• Cottage Economy
    • By Cottage Economy 9th Apr 18, 12:19 PM
    • 904 Posts
    • 3,998 Thanks
    Cottage Economy
    • #7
    • 9th Apr 18, 12:19 PM
    • #7
    • 9th Apr 18, 12:19 PM
    I'm afraid carry forward will not help you as your husband's annual pension contributions will be subject to the earned income limit each year. He can only contribute up to his earned income minus whatever contributions or deemed contributions he makes to his existing company scheme. Depending on your earnings and pension contributions you might be able to put some of the money in a SIPP in your name as well as his. Usually good to spread the future pension income between both partners to optimise income tax later on.
    Originally posted by TcpnT
    I'd rather not have a SIPP as I won't be able to access the money for 10 years.

    Ahhhh...I misunderstood. I thought it applied to everyone if you had unused allowance from previous years. I see it only applies to high earners.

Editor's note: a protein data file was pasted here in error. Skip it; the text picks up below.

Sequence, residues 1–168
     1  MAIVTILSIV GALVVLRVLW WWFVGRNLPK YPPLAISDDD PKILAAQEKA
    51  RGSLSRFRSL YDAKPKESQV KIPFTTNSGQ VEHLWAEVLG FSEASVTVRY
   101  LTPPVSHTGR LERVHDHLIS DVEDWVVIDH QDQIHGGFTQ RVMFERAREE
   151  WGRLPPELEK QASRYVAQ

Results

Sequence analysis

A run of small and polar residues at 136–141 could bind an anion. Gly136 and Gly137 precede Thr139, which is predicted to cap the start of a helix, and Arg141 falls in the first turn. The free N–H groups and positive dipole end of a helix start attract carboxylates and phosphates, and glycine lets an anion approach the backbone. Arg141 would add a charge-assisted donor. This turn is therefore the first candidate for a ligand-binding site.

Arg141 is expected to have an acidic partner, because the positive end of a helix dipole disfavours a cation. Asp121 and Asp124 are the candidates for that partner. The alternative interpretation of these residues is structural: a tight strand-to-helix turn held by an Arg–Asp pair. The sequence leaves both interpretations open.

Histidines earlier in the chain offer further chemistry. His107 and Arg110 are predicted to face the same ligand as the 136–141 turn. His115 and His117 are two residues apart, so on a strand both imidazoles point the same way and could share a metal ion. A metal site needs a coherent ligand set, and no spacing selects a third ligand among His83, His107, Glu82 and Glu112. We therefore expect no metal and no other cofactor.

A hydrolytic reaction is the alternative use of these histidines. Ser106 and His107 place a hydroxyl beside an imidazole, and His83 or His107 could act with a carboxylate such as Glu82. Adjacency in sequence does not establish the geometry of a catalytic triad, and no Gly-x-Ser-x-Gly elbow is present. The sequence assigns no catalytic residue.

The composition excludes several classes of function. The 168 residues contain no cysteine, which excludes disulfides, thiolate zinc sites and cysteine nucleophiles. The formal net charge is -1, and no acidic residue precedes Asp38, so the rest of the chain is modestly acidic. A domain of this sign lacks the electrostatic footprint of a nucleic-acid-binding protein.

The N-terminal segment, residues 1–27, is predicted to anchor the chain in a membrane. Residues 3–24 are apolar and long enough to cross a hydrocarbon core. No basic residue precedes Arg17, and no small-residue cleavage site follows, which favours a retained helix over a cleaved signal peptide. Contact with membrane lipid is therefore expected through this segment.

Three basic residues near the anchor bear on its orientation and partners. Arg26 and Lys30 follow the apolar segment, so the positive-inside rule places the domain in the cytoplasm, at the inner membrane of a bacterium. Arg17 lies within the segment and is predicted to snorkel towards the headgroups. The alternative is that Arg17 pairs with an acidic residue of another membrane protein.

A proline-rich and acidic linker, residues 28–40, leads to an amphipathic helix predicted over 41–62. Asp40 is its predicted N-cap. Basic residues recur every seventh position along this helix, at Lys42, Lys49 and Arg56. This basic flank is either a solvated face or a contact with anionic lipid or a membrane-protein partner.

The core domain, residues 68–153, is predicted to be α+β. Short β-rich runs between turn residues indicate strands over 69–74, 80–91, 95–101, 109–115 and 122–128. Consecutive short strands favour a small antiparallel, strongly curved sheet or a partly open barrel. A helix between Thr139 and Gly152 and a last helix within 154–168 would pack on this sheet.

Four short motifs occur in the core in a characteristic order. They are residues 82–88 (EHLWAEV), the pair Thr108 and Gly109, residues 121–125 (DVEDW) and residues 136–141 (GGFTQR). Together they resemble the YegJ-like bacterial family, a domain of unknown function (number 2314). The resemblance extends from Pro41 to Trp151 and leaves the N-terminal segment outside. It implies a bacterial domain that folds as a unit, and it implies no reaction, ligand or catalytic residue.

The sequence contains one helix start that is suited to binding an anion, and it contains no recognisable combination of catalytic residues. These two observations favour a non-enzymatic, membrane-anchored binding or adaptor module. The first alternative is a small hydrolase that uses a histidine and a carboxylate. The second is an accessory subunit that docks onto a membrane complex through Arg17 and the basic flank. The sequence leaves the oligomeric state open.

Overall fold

So, can I just clarify that there is no way for a basic rate tax payer to access unused pension allowances from previous years?
    Last edited by Cottage Economy; 09-04-2018 at 12:40 PM.
    'Save 12k in 2018' 2,000/6,000 (33%)
    March GC 71.68/160

    "...success in personal finance isn't about mastering the technicalities. It is about mastering yourself."
    • atush
    • By atush 9th Apr 18, 2:08 PM
    • 16,640 Posts
    • 10,343 Thanks
    atush
    • #8
    • 9th Apr 18, 2:08 PM
    • #8
    • 9th Apr 18, 2:08 PM
    and is active and in quite good health. The few health issues she has are well-controlled and have been for decades.
    This means to me anyway, that deprivation of asset tests could fail and they wouldnt be able to claw anything back.